August 11, 2004.By Dylan Hicks, City Pages.
Jim Lichtscheidl, whose surname was once privately called “very difficult to spell” by the present writer, is a very funny guy. Loose-limbed and in command of a troop of smartly exaggerated facial expressions, Lichtsceidl, is the kind of actor who can make you laugh before he even opens his trap, which, as we will see, bodes well for his show at this year’s Fringe. He recently earned yuks as the police sergeant in The Pirates of Penzance at the Guthrie Theater, where he has frequently worked since 1998. He also excelled earlier this year in Ten Thousand Thing’s mirthful reading of Kevin Kling’s At Your Service. You may also have seen him over the years at Park Square, Theatre in the Round, or at Brave New Workshop, where he first started to get noticed. (None of the above is meant to suggest that Lichtscheidl is strictly a comedic actor—his turn as Tuzenbach in the Guthrie’s Three Sisters was low-key and pensive, while his take on Lear’s fool in a Ten Thousand Things production was both ridiculous and trenchant.)
At this year’s Fringe, Lichtscheidl stars in a work of his own creation, Knock!, a family comedy centered on Toehead, a 12-year-old boy beloved by his parents and harassed by his older sister. The character is not entirely unlike a younger version of the show’s yellow-haired lead, who grew up in Lino Lakes with four older sisters, one of whom, Lisa Spreeman, is playing Toe-head’s older sister in Knock!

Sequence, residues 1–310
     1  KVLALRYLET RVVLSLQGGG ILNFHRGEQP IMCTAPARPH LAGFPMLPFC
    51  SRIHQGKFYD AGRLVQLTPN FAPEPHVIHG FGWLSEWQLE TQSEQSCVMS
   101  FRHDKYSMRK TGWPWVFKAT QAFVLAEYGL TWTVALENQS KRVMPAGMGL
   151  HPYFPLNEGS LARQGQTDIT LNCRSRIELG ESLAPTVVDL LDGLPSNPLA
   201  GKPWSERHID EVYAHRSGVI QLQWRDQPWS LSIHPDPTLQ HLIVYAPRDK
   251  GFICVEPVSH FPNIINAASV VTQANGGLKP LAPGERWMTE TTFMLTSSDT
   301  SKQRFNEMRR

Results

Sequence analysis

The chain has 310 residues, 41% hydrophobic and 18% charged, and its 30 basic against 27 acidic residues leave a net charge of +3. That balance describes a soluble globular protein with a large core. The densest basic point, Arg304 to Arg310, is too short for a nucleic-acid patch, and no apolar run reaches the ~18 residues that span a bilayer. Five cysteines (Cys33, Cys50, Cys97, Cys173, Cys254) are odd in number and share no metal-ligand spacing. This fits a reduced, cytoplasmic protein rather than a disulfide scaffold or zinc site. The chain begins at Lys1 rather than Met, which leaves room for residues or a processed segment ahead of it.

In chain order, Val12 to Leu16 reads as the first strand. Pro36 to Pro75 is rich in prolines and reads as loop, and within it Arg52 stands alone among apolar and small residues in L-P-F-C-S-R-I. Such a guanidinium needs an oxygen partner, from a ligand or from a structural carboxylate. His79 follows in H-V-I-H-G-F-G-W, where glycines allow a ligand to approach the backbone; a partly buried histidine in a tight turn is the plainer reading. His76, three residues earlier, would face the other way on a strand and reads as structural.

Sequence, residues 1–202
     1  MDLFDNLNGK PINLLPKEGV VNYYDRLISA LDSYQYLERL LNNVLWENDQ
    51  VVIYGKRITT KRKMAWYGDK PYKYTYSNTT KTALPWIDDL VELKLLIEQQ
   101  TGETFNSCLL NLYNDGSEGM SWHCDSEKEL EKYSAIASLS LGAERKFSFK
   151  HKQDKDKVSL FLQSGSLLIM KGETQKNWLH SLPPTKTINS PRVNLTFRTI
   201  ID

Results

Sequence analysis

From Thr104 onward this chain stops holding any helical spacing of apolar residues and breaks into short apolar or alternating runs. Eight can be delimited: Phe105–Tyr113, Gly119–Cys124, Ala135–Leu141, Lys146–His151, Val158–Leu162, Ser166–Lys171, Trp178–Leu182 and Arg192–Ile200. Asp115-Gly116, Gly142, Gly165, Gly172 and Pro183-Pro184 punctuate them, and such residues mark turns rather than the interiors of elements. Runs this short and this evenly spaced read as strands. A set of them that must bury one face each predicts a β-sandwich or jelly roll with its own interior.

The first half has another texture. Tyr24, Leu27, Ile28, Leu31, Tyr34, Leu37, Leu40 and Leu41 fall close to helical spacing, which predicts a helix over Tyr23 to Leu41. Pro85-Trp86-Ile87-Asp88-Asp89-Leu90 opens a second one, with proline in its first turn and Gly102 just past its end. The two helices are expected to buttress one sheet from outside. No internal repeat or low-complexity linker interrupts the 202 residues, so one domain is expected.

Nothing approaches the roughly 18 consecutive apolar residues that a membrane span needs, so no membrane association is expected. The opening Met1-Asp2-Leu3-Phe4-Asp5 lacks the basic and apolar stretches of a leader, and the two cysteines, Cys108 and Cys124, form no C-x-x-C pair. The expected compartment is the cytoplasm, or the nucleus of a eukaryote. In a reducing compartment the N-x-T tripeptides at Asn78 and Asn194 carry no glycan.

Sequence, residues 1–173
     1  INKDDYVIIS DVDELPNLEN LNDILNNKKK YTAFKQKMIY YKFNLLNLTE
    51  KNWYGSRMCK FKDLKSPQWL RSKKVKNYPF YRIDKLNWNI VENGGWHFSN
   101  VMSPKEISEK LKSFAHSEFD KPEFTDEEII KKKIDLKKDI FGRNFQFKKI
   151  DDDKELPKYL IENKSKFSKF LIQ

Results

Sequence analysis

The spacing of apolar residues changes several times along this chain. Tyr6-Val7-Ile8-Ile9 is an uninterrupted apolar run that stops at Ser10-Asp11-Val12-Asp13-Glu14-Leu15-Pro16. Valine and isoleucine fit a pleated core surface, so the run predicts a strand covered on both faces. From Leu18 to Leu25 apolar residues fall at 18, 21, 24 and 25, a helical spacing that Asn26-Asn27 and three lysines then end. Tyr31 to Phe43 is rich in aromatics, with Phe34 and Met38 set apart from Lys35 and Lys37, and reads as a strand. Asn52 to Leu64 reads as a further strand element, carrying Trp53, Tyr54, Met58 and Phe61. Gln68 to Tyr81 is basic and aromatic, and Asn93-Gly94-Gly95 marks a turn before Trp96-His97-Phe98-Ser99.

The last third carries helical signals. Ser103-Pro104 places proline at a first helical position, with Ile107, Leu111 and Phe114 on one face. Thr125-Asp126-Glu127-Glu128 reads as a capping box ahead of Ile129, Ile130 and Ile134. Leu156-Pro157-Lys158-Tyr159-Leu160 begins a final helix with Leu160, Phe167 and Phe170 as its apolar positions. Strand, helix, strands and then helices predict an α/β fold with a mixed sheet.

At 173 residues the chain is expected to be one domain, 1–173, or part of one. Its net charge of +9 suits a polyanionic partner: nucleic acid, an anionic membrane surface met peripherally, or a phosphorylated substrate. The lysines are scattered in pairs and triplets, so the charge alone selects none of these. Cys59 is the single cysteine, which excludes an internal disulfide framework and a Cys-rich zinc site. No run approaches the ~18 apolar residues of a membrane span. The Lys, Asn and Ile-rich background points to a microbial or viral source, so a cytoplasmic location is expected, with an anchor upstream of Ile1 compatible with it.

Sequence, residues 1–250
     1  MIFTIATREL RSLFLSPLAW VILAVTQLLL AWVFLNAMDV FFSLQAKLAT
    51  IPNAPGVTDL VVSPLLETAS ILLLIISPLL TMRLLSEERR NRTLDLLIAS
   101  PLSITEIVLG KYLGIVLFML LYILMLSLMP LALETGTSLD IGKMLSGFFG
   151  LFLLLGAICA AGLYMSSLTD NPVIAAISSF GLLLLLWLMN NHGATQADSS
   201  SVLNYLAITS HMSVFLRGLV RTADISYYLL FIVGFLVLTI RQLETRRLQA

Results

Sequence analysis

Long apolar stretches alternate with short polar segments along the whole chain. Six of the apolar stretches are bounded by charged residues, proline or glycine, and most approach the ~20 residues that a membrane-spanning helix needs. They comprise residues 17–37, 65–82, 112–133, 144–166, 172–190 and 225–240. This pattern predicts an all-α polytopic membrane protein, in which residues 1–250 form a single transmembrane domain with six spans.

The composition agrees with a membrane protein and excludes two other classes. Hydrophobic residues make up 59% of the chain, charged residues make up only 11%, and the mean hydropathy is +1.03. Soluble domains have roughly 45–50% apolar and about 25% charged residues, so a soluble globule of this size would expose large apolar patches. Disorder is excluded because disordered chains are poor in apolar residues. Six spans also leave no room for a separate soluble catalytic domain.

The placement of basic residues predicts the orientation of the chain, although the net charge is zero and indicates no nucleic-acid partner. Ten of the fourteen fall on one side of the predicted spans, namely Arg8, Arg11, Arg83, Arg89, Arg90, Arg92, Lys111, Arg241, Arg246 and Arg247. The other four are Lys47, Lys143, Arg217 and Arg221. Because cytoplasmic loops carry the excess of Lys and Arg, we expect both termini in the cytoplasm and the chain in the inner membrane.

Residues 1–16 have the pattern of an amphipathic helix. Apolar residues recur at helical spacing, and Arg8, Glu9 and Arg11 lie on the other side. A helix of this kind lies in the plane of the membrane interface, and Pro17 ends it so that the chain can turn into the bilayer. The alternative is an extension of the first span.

Lichtscheidl is a self-described TV baby, and he calls the show a “theatrical sitcom.” “In my mind,” he says over lunch at Cafe Barbette, “I see it as a TV show, but I always want to have a live audience.” The hour-long show is broken into two episodes: “The Family Pyramid” (the pilot episode, as it were) and “The Love Note,” in which Toehead gets his first billet-doux. Unlike TV sitcoms, though, Knock contains no dialogue, and conveys its plots through movement, pantomime, and music by Herb Alpert, exotica composer Esquivel, and others. Knock!’s debut is being presented by Theater Latté Da, whose artistic director Peter Rothstein is co-directing the show with Lichtscheidl. Rothstein was out of town for some of the rehearsal period, however, so Lichtscheidl has been honing his craft through his usual method of religiously watching rehearsal videos. “When people find out how much I watch myself on video, they say, ‘Oh, you’re so vain.’ But actually I find watching myself to be excruciating. So it’s not about vanity, it’s about exacting the science of physical comedy.”
Knock! Loring Playhouse, Aug. 8, 8:30 p.m.; Aug. 10, 5:30 p.m.; Aug. 12, 8:30 p.m.; Aug. 13, 5:30 p.m.; Aug. 15, 2:30 p.m.